Eastern Iowa police officer's program helps mentor at-risk youth - KWWL - Eastern Iowa Breaking News, Weather, Closings

Eastern Iowa police officer's program helps mentor at-risk youth

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WATERLOO (KWWL) -

Footwork and conditioning. It's an out of the box approach from an Eastern Iowa police officer to get boys off the streets and on the field.

For the past 5 weeks, the 'Hail Mary Project,' has been using the sport of football to give kids purpose and direction. 

The program is 12 weeks long and is geared towards at-risk youth, as young as thirteen and fourteen years old. Many of these boys are growing up with violence, abuse, and poverty all in the mix. At times, it's hard to see outside your own world-especially when you see the odds stacked against you. That's why the name of the game is the 'Hail Mary Project.'

Waterloo Police officer Justin Brandt, who's been with the department since 2009, created the program. It certainly isn't your typical Friday Night lights, because the lights these boys are playing under are on a much grander scale than just this field. 

"They're good kids, some of them have just been dealt a bad hand," said Brandt. 

Using football, the 'Hail Mary Project' is giving these boys a hard and fast lesson on life. 

"You see football," said Brandt. "But what's happening is-it's bonding. There's trust being built between the mentors and the kids. And at some point, we're going to start learning more about each kid and we're not going to give up on a single kid here. We're gonna be here for the long haul."

It started as a vision for Brandt, with a goal- keep each and every one of these boys off the streets and out of trouble. Now, he has the help of volunteer coaches and UNI football players.

"I know what this sport could do and what this could mean to somebody so it's fun to see that happen," said UNI Sophomore Alfonzo Lambert. 

For the boys, like seventh grader Quatzhill Watson, this is their 'Hail Mary.'

"Cause it lets out all my anger and it helps me with sports too and get muscles," said Watson.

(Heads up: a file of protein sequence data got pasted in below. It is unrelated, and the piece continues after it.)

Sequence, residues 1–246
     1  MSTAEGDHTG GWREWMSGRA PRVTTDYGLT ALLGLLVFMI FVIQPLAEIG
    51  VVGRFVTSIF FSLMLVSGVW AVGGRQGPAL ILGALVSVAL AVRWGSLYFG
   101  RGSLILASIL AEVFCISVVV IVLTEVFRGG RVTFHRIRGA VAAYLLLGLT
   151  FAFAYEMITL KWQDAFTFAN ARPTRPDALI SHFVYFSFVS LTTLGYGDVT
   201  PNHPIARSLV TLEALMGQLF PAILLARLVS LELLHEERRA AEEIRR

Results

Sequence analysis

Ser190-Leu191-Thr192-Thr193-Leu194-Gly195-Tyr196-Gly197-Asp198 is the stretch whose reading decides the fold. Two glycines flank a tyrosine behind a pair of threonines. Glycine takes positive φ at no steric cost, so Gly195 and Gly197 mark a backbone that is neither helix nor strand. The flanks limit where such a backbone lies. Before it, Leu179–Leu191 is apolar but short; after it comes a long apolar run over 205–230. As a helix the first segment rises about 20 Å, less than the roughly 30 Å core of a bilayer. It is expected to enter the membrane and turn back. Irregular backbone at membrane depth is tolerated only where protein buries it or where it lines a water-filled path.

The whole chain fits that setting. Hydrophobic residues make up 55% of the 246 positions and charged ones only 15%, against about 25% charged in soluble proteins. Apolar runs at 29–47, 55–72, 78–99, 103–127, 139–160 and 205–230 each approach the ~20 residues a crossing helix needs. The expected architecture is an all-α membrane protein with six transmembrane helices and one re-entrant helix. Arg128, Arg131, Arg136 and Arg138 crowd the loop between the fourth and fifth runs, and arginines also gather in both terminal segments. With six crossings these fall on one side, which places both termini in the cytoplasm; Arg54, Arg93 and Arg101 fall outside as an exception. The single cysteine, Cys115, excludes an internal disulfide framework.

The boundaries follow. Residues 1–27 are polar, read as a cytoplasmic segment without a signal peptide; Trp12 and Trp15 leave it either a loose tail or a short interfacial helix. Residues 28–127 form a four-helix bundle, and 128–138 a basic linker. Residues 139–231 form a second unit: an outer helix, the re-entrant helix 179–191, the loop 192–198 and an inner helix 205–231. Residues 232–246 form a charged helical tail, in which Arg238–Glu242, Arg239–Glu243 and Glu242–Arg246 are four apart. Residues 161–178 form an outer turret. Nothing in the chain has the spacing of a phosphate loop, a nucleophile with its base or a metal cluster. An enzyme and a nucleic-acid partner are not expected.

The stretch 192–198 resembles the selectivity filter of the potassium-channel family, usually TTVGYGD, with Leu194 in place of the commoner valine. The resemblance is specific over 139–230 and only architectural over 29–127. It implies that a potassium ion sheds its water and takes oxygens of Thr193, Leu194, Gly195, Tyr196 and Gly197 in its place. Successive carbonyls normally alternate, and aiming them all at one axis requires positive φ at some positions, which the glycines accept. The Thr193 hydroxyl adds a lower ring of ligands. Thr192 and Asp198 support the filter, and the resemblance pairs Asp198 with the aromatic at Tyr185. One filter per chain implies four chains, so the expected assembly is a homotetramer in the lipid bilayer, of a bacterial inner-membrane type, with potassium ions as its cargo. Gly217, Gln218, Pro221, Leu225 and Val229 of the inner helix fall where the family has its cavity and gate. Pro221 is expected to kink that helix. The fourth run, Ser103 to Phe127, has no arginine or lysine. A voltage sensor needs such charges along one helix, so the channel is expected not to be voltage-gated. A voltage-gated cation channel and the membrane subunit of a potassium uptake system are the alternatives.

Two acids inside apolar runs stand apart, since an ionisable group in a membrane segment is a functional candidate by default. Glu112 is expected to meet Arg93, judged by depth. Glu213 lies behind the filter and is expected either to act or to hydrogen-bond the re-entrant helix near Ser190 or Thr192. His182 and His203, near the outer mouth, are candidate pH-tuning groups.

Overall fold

For eighth grader Elijah Spicer, it's learning to choose the people you have on your team. 

"Just to be more positive," said Spicer. "Because everybody here is positive and wants you to do well. Like if you drop the ball, you know they want you to get back up and try again."

Lessons of teamwork, discipline, accountability, integrity, and respect. But most importantly, always keeping your eye on the ball.

"Knowing that there's a world outside, that there's a bigger world outside of their neighborhood, where they come from," said Brandt. "There's opportunities out there, whether there be employment, or college education. There's just more to life than just yourself."

But this program is more than just footwork and conditioning. Officer Brandt has teamed up with UNI's Center for Violence Prevention Director Alan Heisterkamp who will be coaching the boys into men. Conversations will include topics such as gender violence, respect, bullying, harassment, integrity, and social issues-all led by volunteer coaches. 

"If they walk away with character, they're living the integrity,the respect, the nonviolence that we're going to be preaching from the curriculum-then that's success for us," said Brandt. "If they walk away from here. They're not getting in trouble. They're not getting referrals, suspensions from school, they're not getting in trouble with police. Then that's a win for them, it's a win for us."

These boys are looking to score big with this 'Hail Mary.'  

"Football is my favorite sport and I want to go to the NFL someday," said seventh grader Camren Montgomery. 

For more information on the program, visit their Facebook page. 

If you have background coaching or playing football and are interested in being a mentor, or looking to sign up for the program, reach out to Officer Brandt, brandtj@waterloopolice.com.

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